Standing Out Paul Kirwin provides insight into how specialty retailers can be noticed in a crowded environment.
aul Kirwin is the founder of 3.5 and has spent more than 20 years working with specialty retailers. He recently wrote his first book, “Stand Out in the Age of the Consumer,” and Running Insight asked him about the book and his thoughts on how retailers can be better marketers. Running Insight: You say that consumers receive 360 marketing messages a day. How do retailers cut through that incredible clutter? Paul Kirwin: Yes, it’s hard to believe, but that’s why consumers have found ways to ignore all the noise. Instead, they focus on voices that deliver them authentic opinions about a product. Retailers and retail associates are still a part of that authentic voice, but they should know that 90 percent of consumers consult reviews when making a purchasing. The good news is that 50 percent of these consumers end up in a store to buy. Retailers can be proactive by employing a tool that helps them understand and make decisions on this big voice. You built a company that focused on the last three feet of the sale. How has that last three feet changed today and what should retailers know about that? That three feet is now more important than ever. When consumers walk through that retail door they are well researched, have money in their pockets and want to touch and talk about their potential product choices. Retailers should make sure their sales staff can engage on a higher level, have options when the product isn’t in stock, and when it is … close the deal. What’s the most important aspect of the Consumer’s Path to Purchase today and how will that change in the coming years? The Path to Purchase is all about personalized research. But in today’s connected world, personalized doesn’t mean knowing 16
those reviews. This information flow will help retailers with everything from stocking the best products (that match up with what shoppers are reading in reviews) to having informed conversations with shoppers about the consumer rating of products. It will also tell them about their brand partners’ performance in the general market place.
a person. Through product reviews, shoppers have unprecedented reach into a highly relevant and authentic data set of experiences other purchasers have had with the products they’re considering. And they’re looking to validate their own storyline with what they read. One of my favorite examples is a baby safety gate manufacturer whose product was often used by pet owners. The review star average was dragged down by some pets jumping over the gate, a problem they would never have with babies. Parents were able to see past the negative reviews referencing pets to find their own storyline: that these gates worked well to keep their babies safe. In the future all of this will become faster and even more convenient. However, there will always be a need for that human touch: talking with friends, visiting with retail salespeople at stores, reading online reviews from the average Joe and joining communities. As these tribes or communities grow, their buying power and influence will also grow. Talk about Brand Report Cards and how retailers should assess their brand partners. Retailers should assess their brand partners by benchmarking them through the eyes of the consumers. Retailers should insist that brands measure reviews and then share the results. This starts with the star average assigned in product reviews and continues with the sentiment and textual trends of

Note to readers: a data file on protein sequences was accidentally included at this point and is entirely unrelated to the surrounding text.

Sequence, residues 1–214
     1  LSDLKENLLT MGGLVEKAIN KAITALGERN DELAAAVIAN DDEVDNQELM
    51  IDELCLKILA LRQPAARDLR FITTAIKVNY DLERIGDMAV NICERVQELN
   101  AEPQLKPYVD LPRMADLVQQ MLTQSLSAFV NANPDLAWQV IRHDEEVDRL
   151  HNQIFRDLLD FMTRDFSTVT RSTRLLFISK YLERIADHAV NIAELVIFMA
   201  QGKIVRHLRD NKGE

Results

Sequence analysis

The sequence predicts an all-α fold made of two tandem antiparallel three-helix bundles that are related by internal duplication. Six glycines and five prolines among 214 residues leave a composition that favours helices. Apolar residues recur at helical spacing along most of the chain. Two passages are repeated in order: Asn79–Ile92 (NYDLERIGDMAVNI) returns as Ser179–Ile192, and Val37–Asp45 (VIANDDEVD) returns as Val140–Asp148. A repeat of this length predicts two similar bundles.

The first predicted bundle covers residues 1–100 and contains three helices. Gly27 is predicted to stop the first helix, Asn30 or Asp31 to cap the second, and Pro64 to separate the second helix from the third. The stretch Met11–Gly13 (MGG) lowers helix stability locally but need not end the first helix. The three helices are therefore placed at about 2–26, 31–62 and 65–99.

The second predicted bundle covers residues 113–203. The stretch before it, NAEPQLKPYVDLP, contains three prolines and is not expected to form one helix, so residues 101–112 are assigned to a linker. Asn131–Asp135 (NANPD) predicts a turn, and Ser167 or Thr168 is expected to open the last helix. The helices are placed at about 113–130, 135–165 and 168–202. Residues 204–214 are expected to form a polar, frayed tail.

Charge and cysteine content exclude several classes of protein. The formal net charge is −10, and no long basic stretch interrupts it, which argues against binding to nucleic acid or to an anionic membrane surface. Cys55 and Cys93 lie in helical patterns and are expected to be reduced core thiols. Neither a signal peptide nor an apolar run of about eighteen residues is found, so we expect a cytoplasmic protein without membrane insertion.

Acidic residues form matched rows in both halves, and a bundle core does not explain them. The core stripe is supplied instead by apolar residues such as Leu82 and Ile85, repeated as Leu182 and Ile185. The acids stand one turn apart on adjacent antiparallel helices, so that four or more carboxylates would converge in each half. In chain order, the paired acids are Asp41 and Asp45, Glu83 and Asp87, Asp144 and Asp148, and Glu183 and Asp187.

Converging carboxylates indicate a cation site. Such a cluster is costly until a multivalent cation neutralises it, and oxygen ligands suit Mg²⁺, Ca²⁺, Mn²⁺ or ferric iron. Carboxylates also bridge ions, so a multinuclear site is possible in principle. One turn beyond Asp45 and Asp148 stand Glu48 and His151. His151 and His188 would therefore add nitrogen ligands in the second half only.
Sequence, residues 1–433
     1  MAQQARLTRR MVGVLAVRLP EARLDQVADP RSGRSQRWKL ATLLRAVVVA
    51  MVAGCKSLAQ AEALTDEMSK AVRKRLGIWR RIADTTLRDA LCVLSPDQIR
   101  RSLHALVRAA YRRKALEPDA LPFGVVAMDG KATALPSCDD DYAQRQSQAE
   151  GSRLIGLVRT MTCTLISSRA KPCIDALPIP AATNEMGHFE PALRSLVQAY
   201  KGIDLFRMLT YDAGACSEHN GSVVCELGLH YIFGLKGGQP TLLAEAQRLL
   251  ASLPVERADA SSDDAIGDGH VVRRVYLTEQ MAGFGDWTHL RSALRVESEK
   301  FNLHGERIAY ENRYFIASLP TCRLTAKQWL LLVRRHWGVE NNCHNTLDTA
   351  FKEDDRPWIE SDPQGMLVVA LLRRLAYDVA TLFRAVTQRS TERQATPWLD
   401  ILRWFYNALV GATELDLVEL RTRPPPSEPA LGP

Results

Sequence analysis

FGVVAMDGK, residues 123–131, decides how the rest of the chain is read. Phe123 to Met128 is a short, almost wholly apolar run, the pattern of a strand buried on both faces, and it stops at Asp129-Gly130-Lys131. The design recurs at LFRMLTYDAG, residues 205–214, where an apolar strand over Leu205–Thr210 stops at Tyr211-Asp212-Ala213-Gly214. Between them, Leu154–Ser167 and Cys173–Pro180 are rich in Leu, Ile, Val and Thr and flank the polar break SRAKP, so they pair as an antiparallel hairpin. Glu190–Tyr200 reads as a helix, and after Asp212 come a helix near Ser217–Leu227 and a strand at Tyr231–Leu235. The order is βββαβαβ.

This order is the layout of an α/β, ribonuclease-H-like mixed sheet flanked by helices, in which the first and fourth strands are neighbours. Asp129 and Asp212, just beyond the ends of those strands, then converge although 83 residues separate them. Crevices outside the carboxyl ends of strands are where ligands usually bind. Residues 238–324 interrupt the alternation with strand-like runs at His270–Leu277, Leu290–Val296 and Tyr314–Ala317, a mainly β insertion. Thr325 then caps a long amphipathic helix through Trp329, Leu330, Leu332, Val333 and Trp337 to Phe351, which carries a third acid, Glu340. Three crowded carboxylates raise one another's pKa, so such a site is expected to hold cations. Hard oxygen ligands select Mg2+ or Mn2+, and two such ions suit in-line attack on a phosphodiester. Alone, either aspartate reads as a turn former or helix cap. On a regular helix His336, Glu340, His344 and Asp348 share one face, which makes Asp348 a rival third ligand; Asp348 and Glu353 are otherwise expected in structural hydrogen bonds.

Marketers talk a lot about Authenticity. What is your POV on that? Authenticity is now a ground game. When brands respond to bad product reviews with an 800 number or a long URL, that’s not authentic. When the brand representative tries to be personal without introducing herself, that’s inauthentic. When she doesn’t have the power to immediately fix a problem, that’s not authentic. When a brand shoves mass advertising into the marketplace while ignoring the messaging created in product reviews, that’s not authentic. To stand out, you must be human and that means listening, incorporating the language of the user into your advertising, pushing power down to your customer service reps so they can engage human to human, and having respect for where the real power in the marketplace is. Consumers want humanity and it sells. You write about the “Loyalty Loop.” What is that? Consumers are fast and fickle beasts. They rely on information they obtain on their own from one another, not only at the click of a mouse but at the uttering of “Siri” or “Alexa.” Studies have shown this reliance on user-generated content is to increase with younger generations. To win loyalty, today’s brands and retailers must have an ear to the ground for these conversations and make decisions that help them with product quality, communications and brand quality. This is how to win loyalty today. n
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